Do CDK4/6 inhibitors improve upon adjuvant endocrine therapy?


Two phase 3 trials have left physicians and patients in a quandary about the adjuvant use of CDK4/6 inhibitors in endocrine-sensitive breast cancer.

In the monarchE trial, adding abemaciclib to adjuvant endocrine therapy improved invasive disease-free survival (IDFS) and distant relapse-free survival (DRFS) in patients with hormone receptor–positive, HER2/neu oncogene–negative early breast cancer.

However, in the PALLAS trial, adding palbociclib to adjuvant endocrine therapy provided no benefit in such patients.

CDK4/6 inhibitors are highly valuable in women with metastatic hormone receptor–positive breast cancer, but these were the first reports of large, prospective trials of CDK4/6 inhibitors in the adjuvant setting.

Both trials were presented at the European Society for Medical Oncology Virtual Congress 2020.

Erica L. Mayer, MD, of Dana Farber Cancer Institute in Boston, presented results from PALLAS.

Stephen R.D. Johnston, PhD, of Royal Marsden Hospital NHS Foundation Trust in London, presented results from monarchE.

Dr. Stephen R.D. Johnston

Patients and treatment in monarchE

The phase 3 monarchE trial included 5,637 women with hormone receptor–positive, HER2/neu oncogene–negative early breast cancer. About 44% of patients were premenopausal, and 95% had received adjuvant or neoadjuvant chemotherapy.

The patients selected for the study were at high risk for an early relapse, by virtue of having at least four involved axillary nodes. Patients with one to three positive nodes were eligible if the primary tumor was at least 5 cm, had high histologic grade, or had a Ki-67 of 20 or more.

The patients were randomized to receive standard endocrine therapy alone (investigator’s choice) or standard endocrine therapy plus abemaciclib. Endocrine therapy was continued for 5-10 years (physician choice), and the abemaciclib was continued at 150 mg twice daily for the first 2 years.

Treatment commenced postoperatively and after radiation, neoadjuvant, or adjuvant chemotherapy (when indicated).

Credit: Sheheryar Kabraji, Sridhar Ramaswamy/National Cancer Institute

Results of monarchE

At a median follow-up of 15.5 months, abemaciclib plus endocrine therapy demonstrated a statistically significant improvement in IDFS, compared with endocrine therapy alone (hazard ratio, 0.747; P = .0096). This corresponded to a 25% relative reduction in the risk of an IDFS event.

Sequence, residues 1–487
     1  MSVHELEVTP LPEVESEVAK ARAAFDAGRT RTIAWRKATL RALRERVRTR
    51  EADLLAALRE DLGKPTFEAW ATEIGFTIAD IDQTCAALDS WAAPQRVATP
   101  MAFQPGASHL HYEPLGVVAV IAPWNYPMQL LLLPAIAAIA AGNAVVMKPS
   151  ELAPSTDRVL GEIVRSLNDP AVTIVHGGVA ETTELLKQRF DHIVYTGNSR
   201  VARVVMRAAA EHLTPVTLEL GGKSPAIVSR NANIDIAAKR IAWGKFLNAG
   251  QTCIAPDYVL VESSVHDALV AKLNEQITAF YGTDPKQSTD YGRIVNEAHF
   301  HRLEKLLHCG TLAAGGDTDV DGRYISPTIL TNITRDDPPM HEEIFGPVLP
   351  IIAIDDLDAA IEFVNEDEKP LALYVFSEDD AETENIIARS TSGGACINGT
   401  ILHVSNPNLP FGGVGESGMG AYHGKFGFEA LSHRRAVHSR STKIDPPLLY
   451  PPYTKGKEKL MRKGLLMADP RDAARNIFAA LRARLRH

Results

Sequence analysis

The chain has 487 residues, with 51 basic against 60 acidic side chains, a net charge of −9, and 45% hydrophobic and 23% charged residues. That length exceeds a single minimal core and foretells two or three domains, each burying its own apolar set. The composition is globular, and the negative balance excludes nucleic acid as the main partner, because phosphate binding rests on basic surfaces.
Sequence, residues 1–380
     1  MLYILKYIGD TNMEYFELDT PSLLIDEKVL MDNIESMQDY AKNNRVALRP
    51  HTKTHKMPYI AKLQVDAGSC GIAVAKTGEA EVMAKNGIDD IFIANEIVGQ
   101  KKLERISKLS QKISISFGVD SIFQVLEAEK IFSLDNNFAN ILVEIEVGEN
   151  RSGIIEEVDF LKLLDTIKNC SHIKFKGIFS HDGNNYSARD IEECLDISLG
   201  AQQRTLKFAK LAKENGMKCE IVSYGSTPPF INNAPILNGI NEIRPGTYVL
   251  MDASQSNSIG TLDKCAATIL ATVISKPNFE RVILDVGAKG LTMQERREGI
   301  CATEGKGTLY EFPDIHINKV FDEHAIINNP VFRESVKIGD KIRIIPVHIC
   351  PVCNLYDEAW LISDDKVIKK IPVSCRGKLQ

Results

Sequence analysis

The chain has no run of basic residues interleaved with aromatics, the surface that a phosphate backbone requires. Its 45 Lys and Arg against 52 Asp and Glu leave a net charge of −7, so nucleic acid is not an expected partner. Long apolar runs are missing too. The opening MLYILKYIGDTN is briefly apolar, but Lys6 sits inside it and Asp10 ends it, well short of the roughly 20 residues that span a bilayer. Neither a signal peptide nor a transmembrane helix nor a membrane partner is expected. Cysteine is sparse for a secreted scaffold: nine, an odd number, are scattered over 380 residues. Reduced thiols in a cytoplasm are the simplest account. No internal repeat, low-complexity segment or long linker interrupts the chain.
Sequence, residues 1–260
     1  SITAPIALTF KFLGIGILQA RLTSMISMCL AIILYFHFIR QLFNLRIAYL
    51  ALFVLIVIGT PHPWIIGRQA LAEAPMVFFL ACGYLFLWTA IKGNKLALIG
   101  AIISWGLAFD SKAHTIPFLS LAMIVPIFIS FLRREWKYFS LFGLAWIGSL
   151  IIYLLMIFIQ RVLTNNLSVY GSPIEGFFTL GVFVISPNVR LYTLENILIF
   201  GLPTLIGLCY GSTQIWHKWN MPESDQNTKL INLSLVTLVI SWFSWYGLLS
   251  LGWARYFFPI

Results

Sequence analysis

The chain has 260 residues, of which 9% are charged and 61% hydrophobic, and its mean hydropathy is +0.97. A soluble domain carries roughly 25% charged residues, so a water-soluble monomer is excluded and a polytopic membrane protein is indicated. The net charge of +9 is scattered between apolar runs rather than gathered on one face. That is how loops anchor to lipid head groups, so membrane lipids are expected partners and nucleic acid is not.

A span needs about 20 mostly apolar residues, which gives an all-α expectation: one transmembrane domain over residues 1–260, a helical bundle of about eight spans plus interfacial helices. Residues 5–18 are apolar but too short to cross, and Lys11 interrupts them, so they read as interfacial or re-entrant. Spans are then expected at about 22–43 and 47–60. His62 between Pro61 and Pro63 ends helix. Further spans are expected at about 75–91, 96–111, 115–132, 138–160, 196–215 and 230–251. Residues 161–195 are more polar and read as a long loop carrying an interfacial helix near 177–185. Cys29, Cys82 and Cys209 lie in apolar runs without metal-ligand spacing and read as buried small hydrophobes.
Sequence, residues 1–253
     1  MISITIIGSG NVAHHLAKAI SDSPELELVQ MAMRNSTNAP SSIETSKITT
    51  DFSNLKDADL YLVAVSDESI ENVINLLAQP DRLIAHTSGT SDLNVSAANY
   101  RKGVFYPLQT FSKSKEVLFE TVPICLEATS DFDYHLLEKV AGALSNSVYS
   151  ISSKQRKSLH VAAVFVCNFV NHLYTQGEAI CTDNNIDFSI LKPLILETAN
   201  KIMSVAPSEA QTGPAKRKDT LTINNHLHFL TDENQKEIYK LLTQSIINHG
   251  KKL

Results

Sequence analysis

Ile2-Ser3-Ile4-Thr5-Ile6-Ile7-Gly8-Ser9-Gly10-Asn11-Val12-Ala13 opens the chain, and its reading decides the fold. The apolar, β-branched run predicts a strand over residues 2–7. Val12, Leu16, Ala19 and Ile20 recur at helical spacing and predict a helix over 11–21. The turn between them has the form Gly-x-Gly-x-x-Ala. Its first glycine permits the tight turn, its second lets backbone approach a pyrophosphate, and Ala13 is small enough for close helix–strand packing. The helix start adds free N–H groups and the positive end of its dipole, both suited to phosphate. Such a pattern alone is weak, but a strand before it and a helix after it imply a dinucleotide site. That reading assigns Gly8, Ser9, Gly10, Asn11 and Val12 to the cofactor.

The curves separated early and continuously. The 2-year absolute IDFS rates were 92% in the abemaciclib arm and 89% in the control arm.

A similar improvement was observed for DRFS (HR, 0.717; 3.3% absolute difference in distant recurrences). Most of the relapses prevented were in liver and bone.

In the abemaciclib arm, the most frequent adverse events (AEs) were diarrhea, neutropenia, and fatigue. In the control arm, the most frequent AEs were arthralgia, hot flashes, and fatigue. Interestingly, hot flashes and arthralgias were less common in the abemaciclib arm.

More patients receiving abemaciclib had the rare, serious toxicities of venous thromboembolism (2% vs. 0.5%) and interstitial lung disease (3% vs. 1%).

About 17% of patients discontinued abemaciclib prematurely because of toxicity. Of 463 patients who discontinued abemaciclib, 306 remained on endocrine therapy afterward.

Patients and treatment in PALLAS

The phase 3 PALLAS study enrolled 5,760 patients within 12 months of diagnosis and 6 months of initiating adjuvant endocrine therapy. About 82% of patients had stage IIB/III disease, and about 83% had received chemotherapy.

Like monarchE, PALLAS was relatively weighted toward a prognostically poor group of early breast cancer patients.

Patients were randomized to standard endocrine therapy with or without palbociclib at 125 mg daily for 21 days out of every 28 days. As in monarchE, the CDK4/6 inhibitor was continued for 2 years, and endocrine therapy was administered for 5-10 years (investigator choice).

The primary objective of PALLAS was to compare IDFS between treatment arms. Secondary objectives included other recurrence endpoints, safety, quality of life, and adherence. Biospecimens were required for translational science correlative studies.

Results of PALLAS

A prespecified futility boundary was crossed at the second interim analysis, at a median follow-up of 23.7 months, when 67% of events had occurred.

IDFS rates were 88% in the palbociclib arm and 89% in the control arm (HR, 0.93; P = .51). About three-quarters (76%) of events occurred in patients in high-risk clinical groups.

DRFS rates were 89% in the palbociclib arm and 91% in the control arm (HR, 1.00). Palbociclib did not reduce recurrence overall or in any subgroup.

AEs were more common with palbociclib. In fact, 42% of patients discontinued palbociclib prematurely, the majority because of AEs. The rate of premature endocrine therapy discontinuation was 7%.